Next, Podmore claims that I describe the ACC as "synodical" despite the fact that bishops "have no distinct role" in it. I've read through the relevant pages (177-9) a few times now and can't tell where he thinks I've described the ACC as "synodical." I intended my quote from Paul McPartlan to clarify what I meant by "synodality" - it is associated with "conciliarity", and its cooperative role with "primacy" is emphasized. The ACC, like the General Synod of the CoE, includes bishops, clergy, and laity in its membership. No "distinct role" for bishops was intended or stated in my references to synodality, but only an identification of the churches in council. Further, most of these pages were discussing developing structures and their possibilities for the future, rather than describing current structures. Perhaps Podmore found my terminology misleading? It's difficult to tell, but I hope that my references within the chapter made it clear enough to readers what I intended to be saying.
Finally, Podmore criticizes my statement that "[there is] no established episcopal role for inter-provincial governance" by pointing out that the Lambeth Conferences are episcopal gatherings. If he could establish that Lambeth Conferences have played the role of an inter-provincial governmental structure for the Communion then his point may begin to gain some traction, but that seems like wishful thinking. My point was simply that although there are various inter-provincial instruments of unity in Anglicanism, the only really established body of episcopal governance operates within provinces rather than across them. In the inter-provincial context what we have is a developing assortment of ecclesiastical structures and councils that consult, advise, and make resolutions, but no episcopal structure of primacy, and nothing that offers inter-provincial governance in any strong sense. This is the whole reason why Reports and Covenants are being written by committees and scrutinized by scholars. To use Podmore's own words, "long-established structural deficits" of inter-provincial governance (episcopal or otherwise) are precisely the problem.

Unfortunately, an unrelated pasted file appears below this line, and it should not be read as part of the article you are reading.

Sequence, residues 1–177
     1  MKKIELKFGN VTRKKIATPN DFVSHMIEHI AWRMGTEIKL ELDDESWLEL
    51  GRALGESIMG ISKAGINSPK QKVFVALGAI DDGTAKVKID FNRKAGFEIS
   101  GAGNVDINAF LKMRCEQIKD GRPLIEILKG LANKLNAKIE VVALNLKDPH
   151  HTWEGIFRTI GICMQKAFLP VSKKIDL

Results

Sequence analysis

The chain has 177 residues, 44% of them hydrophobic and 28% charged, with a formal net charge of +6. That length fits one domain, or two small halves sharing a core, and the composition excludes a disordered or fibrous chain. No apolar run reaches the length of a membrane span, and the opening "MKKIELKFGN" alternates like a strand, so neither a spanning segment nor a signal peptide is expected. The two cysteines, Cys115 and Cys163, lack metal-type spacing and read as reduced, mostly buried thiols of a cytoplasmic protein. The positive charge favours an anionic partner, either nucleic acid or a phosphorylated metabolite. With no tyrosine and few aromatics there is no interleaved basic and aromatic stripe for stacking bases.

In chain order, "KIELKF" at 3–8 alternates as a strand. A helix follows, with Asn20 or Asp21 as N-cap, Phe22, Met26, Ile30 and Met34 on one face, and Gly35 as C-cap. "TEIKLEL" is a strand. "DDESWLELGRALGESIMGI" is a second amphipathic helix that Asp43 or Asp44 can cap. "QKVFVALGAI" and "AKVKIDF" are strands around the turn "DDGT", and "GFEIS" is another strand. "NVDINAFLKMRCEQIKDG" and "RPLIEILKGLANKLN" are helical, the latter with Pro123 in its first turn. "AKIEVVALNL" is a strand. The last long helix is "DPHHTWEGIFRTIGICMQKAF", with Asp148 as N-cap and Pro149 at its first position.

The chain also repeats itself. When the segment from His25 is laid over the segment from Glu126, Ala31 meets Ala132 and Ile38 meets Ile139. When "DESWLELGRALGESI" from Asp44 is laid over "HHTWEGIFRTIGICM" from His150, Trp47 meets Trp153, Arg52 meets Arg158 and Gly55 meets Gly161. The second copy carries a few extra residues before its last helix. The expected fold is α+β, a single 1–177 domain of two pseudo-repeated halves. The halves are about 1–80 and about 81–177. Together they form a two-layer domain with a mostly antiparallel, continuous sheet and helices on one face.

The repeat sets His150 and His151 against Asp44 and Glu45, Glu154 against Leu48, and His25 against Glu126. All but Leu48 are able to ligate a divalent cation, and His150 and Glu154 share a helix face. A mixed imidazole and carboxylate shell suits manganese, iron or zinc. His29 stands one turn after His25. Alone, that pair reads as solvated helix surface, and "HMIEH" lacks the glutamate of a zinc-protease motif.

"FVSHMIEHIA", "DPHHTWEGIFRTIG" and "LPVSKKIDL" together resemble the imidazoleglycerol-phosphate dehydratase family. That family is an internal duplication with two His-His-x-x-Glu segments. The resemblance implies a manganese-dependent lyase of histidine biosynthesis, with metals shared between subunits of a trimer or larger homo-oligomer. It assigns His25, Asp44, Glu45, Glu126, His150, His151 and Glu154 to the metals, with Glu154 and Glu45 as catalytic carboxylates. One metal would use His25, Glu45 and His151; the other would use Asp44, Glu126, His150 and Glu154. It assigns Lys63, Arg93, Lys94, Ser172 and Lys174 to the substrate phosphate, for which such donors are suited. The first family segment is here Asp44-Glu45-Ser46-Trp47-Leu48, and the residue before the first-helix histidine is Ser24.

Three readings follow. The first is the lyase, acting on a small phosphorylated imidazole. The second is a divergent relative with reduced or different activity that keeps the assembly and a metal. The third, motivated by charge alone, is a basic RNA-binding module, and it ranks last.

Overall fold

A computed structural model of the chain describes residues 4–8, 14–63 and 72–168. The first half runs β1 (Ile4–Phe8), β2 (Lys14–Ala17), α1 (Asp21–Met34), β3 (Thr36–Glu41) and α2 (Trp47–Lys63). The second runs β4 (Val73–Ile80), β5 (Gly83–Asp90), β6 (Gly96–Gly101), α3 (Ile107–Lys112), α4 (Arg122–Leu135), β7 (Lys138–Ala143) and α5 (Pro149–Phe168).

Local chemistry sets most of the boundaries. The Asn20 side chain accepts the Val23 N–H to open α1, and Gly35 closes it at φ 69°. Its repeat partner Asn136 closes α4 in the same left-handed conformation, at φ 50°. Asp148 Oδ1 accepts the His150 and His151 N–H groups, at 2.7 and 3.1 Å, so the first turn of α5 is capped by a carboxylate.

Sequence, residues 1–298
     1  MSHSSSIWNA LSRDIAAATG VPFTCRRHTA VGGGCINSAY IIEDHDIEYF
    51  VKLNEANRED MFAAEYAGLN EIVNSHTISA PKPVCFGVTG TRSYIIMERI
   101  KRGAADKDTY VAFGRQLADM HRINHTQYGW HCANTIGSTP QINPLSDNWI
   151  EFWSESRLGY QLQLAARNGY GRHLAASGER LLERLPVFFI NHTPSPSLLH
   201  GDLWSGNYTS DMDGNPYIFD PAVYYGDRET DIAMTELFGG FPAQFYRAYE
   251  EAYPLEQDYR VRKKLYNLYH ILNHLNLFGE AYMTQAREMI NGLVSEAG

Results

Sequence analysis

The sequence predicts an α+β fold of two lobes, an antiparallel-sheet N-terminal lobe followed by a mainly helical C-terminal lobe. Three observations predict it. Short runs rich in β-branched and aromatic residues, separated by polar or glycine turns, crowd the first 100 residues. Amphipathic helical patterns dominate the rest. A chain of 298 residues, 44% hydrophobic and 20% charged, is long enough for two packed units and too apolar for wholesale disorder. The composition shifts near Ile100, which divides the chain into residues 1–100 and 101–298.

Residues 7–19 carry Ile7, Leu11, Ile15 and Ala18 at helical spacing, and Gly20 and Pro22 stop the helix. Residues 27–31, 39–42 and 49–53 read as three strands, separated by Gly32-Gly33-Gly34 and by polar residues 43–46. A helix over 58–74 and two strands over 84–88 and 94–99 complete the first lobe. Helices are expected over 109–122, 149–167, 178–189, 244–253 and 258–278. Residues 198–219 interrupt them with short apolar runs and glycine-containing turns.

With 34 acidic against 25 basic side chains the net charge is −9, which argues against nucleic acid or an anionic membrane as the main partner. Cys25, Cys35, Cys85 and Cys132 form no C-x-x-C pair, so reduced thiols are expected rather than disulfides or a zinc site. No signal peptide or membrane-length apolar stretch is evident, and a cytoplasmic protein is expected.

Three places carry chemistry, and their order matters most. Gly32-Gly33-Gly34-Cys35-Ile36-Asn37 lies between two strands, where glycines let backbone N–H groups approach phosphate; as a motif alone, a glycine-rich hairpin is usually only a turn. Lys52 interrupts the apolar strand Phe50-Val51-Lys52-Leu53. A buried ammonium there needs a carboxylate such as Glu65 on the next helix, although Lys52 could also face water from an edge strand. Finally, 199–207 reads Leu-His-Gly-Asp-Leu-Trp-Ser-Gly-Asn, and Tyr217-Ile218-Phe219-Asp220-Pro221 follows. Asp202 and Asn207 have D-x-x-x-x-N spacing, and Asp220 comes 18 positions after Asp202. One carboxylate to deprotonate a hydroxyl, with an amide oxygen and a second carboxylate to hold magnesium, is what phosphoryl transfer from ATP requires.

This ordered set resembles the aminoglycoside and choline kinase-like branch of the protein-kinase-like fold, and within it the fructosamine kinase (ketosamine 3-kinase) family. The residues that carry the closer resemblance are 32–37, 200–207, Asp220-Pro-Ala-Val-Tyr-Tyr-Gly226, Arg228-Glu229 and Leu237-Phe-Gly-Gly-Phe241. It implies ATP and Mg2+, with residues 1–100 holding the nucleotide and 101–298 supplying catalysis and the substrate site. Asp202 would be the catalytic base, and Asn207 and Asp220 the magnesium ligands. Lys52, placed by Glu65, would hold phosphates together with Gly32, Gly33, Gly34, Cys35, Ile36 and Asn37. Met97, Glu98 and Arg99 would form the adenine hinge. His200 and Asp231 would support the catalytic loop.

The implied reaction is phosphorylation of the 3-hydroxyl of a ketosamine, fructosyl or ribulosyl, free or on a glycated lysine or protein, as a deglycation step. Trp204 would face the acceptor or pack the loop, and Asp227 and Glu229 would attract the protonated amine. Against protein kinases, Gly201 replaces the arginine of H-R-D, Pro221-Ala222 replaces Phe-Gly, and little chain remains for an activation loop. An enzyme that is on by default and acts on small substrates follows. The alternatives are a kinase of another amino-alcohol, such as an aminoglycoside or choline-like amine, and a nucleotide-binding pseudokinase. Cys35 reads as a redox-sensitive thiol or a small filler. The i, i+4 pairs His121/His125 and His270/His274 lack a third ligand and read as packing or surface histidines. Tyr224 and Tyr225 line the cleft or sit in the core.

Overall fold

I'm extremely disappointed with Podmore's treatment of my chapter in the review, and I hope that readers of a magazine like The Living Church could reasonably expect more careful work than what was provided. In his latter two critiques, I can see how my wording might lead someone elsewhere than I had intended and leave me open to criticism, although I think that in both cases the surrounding context makes it relatively clear what I was trying to say; Podmore seems to have been reading me as uncharitably as possible so as to create inaccuracies that were never actually stated by me. His reference to my supposed defense of (a certain reading of) the Leuenberg Agreement was, however, a complete error on his part. And it was a telling error as well. Podmore doesn't even mention my engagement with Kurt Koch, just as he doesn't mention anything about Anglicanorum Coetibus, which was the whole point of the chapter. In his review, my chapter is treated merely as the target of cheap shots rather than actually engaged in any serious way. It's a shame, too, because the ecumenical focus that Podmore praises in the chapters by Wells and Olver is something that I deal with extensively in my chapter, specifically with regard to recent developments in Anglican-Roman Catholic relations.